General Plan for the Improvement of the U.S. Capitol Grounds
by Frederick Law Olmstead, 1874
Following the extension of the Capitol in the 1850s-1860s, the grounds were enlarged in 1872. In 1874 Congress commissioned Frederick Law Olmstead to design landscape improvements, and he soon produced this drawing, which guided the project over the next two decades. He described the plan as "very simple, with the purpose of its perfect subordination in interest to the architectural design of the Capitol." Olmsted's objective was to provide a dignified "park-like" setting for the Capitol, with groupings of trees and expansive vistas designed to set the Capitol square apart, as an oasis, from the surrounding, developing city. Today the grounds have evolved into an arboretum with hundreds of mature botanical specimens—many of which are rarely seen elsewhere.
1. First Street Boundary Wall, Fountain, and Lanterns
Olmsted did not include boundary walls along the perimeter of the Grounds in his original 1874 landscape design. However, in an effort to separate the Capitol's tranquil setting from the bustling city, Olmsted incorporated multicolored stone walls and piers in the construction to define the edge and entrances to the grounds. Piers of pink granite topped with bronze lanterns
flank the northern and southern carriage entrances, while richly carved sandstone piers flank the sidewalks that extend Maryland and Pennsylvania Avenues to the west terrace. The boundary walls consist of split-face gneiss at the base, a sandstone belt course, and split-face pink granite topped by a carved sandstone cap. The western boundary was started in 1877 and completed in 1882. A bronze drinking fountain and basin house in an ornately carved sandstone niche serves as the principal ornamental feature on the west boundary wall and is located on the main axis of the Capitol and National Mall. The temple-like structure, completed in 1878, is constructed of carved sandstone, bluestone and granite. The original sandstone columns were replaced with granite columns in 1918. The bronze lanterns that sit atop the ornamented piers were originally fueled by gas, which was ignited by electrical sparks from copper wires connected to a remote battery. The gas fuel source was replaced by electricity in the early 1900's.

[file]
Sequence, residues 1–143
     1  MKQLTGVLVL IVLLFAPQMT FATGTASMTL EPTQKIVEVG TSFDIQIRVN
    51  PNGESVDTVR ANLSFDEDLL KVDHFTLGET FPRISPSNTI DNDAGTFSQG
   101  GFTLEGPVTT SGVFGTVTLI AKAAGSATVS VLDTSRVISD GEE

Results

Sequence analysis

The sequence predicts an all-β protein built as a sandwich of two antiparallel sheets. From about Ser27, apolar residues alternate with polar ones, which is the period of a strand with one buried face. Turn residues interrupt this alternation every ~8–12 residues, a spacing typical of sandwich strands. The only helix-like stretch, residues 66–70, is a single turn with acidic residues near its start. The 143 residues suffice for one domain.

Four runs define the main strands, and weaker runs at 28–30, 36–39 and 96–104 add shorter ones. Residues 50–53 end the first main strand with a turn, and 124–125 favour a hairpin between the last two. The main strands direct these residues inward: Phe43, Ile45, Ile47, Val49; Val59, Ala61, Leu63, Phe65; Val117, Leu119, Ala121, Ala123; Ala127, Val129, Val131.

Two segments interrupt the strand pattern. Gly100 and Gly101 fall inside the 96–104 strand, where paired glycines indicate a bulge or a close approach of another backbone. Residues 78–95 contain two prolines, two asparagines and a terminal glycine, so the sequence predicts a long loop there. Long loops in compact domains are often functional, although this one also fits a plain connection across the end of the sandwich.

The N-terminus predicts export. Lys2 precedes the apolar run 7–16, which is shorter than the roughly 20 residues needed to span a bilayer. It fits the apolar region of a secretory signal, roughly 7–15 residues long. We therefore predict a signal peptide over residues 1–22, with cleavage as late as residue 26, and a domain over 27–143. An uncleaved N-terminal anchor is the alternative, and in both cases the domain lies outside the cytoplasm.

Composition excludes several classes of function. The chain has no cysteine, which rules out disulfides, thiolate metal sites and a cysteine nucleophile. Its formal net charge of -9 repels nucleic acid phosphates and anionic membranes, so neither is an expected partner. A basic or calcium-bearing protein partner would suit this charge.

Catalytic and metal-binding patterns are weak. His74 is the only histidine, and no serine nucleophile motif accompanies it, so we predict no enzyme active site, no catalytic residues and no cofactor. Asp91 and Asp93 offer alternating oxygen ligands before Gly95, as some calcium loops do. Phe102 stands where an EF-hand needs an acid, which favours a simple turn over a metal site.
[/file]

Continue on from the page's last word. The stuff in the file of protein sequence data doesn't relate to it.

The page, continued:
Constructed in 1879-1880, the Summerhouse offered visitors a shaded place to rest, admire views of the Capitol, and have a drink of water. Olmsted's principal architectural assistant, Thomas Wisedell, was the designer. The Summerhouse is a tribute to the bricklayer's craft—constructed of carved and radial brick, creating elaborate architectural features. Nestled in the hillside, the structure features a "grotto" with running water that, along with the central fountains, add a cooling effect during the summer.
3. The Olmsted Terrace
Constructed in 1884-1982 on the north, west, and south sides of the Capitol, the marble terrace provided a strong visual platform, correcting the illusion that the massive building was about to slide down Capitol Hill. It also added much-needed space for storage, shops, and committee rooms.
Average walking time: 8 to 10 minutes
Monday - Saturday
8:30 a.m. - 4:30 p.m.
For more information visit:
Locate below ground level
Official Business and Appointments
House and Senate Galleries
· Food or beverages of any kind, including fruit and unopened packaged food.
· Liquid, including water
· Any bag larger than 18" wide x 14" high x 8.5" deep
· Aerosol containers and non-aerosol spray, mace and pepper spray
· Guns, replica guns, electric stun guns, ammunition, martial arts weapons or devices, and fireworks
· Any pointed object (e.g. knitting needles and letter openers) and knives of any size (pens and pencils are permitted)
· Razors and box cutters